Singer Rick Springfield on Chester Bennington's Suicide: 'I Get It'

While others continue to mourn the loss of Linkin Park singer Chester Bennington, Rick Springfield admits he “gets” the late musician's drive to take his own life.

Springfield, who crafted hits like “Jessie’s Girl,” told SiriusXM Feedback host Lori Majewski that he has considered suicide amid a long battle with depression.

“Last year I was really close to it, really close to it,” the 68-year-old rocker said.

He appeared on the radio show to promote his upcoming album The Snake King, which includes a dark track that Springfield claims contains themes parallel to his own rough road.

“[The song] ‘Suicide Manifesto’ is stuff I think about. I’ve been close to it,” he admitted.

“When Robin Williams and Chester [Bennington and Chris Cornell] and those guys [committed suicide] I didn't go ‘Oh, that's terrible.’ I went, ‘I get it.’ I get being that lost and dark... You're in so much pain that you just want it to end,” the musical icon continued.

Following the recent suicides of these high-profile entertainers and artists, Springfield said he has worked to manage his mental illness using medication and meditation. He added that he no longer hides his unpleasant thoughts, instead offering up his candid emotions.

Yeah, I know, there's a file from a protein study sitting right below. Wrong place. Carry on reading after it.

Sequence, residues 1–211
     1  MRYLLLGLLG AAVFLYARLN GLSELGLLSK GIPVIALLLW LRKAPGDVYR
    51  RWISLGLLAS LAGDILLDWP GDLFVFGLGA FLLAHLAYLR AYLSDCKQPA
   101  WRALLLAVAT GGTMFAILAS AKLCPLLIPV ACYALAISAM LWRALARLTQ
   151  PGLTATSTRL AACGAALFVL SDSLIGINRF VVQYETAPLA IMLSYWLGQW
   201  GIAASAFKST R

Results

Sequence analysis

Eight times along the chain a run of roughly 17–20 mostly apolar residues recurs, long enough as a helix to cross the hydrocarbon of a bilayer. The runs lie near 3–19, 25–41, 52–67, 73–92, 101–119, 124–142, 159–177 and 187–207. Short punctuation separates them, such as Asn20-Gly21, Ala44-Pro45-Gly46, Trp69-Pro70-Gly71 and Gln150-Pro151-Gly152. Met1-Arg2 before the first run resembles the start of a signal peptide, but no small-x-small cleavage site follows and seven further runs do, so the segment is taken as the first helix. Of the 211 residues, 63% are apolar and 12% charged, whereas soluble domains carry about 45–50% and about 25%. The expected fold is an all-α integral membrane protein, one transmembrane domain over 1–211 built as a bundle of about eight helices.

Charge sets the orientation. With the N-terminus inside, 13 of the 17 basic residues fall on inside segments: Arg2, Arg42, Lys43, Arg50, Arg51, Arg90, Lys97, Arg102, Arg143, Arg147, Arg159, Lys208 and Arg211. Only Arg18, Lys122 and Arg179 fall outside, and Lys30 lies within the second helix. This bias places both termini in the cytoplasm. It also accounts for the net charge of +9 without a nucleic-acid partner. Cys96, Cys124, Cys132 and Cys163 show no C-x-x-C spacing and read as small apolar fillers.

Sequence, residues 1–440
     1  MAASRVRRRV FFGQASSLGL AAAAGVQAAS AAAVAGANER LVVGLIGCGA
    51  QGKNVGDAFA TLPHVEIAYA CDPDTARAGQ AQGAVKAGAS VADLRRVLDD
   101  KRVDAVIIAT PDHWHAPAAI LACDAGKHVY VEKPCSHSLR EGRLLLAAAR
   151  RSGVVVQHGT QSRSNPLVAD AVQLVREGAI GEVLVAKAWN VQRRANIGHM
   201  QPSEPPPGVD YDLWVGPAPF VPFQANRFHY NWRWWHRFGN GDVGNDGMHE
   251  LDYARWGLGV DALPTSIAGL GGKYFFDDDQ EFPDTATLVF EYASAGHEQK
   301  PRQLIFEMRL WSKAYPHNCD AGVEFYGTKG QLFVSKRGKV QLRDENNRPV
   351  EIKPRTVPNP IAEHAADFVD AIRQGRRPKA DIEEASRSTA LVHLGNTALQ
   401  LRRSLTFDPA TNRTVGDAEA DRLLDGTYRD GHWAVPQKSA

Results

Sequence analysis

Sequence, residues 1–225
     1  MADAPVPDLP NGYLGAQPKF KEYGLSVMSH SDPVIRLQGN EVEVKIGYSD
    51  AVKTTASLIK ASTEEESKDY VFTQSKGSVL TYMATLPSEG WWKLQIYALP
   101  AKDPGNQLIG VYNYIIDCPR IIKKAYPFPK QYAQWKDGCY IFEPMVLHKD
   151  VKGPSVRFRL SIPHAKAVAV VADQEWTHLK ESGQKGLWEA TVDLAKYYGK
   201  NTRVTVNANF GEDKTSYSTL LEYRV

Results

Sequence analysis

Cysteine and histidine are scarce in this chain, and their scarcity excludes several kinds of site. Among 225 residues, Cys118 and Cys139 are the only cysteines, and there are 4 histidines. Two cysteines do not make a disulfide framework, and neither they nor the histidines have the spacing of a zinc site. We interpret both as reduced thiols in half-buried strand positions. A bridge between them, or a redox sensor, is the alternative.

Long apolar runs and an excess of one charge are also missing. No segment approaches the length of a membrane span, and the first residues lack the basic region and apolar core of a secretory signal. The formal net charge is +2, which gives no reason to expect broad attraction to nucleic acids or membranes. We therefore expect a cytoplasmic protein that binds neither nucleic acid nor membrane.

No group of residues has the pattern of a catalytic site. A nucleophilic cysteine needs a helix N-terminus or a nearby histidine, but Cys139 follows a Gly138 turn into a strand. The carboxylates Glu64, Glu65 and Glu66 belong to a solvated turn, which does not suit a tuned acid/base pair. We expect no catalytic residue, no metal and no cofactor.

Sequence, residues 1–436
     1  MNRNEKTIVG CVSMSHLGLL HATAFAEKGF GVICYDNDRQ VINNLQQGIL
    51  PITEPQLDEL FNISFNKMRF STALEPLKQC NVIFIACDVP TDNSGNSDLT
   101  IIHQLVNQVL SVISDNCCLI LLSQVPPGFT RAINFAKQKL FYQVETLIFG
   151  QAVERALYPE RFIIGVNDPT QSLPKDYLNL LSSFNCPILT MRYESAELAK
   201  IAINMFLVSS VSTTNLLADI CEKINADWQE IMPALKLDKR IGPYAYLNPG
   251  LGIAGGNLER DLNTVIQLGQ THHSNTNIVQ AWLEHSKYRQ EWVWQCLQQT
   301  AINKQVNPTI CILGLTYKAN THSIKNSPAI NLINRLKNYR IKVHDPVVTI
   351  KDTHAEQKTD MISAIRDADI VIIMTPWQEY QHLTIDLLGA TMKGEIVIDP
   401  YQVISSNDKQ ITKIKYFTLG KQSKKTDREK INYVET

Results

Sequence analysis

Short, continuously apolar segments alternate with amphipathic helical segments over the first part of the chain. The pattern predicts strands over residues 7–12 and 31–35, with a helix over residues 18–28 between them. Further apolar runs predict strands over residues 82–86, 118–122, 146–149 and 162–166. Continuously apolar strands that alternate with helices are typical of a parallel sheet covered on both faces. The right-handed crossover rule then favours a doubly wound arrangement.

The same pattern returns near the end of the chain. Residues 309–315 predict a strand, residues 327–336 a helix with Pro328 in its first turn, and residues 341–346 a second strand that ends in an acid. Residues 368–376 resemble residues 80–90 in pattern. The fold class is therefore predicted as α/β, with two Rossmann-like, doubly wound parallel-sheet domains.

“We've all had the social front and it just makes me feel like such a liar when I go home and I look in the mirror and I go ‘Really? You said that to somebody? That everything's great and you're feeling awesome?’ That's bulls—,” he said of his revelation. “I’m at the point now in my life when I want to do what’s truthful.”

Springfield has opened up previously about his ongoing struggle with depression and suicidal thoughts.

During an interview for Sunday Night in 2016, he revealed he tried to hang himself at 16 years old — an admission his parents have never believed.

“I was depressed from the time I was 14. I was just the artistic, moody guy,” the musician said. “I tried to hang myself at 16 and the rope broke… My mum still doesn’t believe it.”

In the same interview, he said he once took money from his piggy bank “to go buy a gun” to use on himself.

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Springfield credits music as his saving grace from those dark moments, adding that he “can’t not feel good” after finishing a song.

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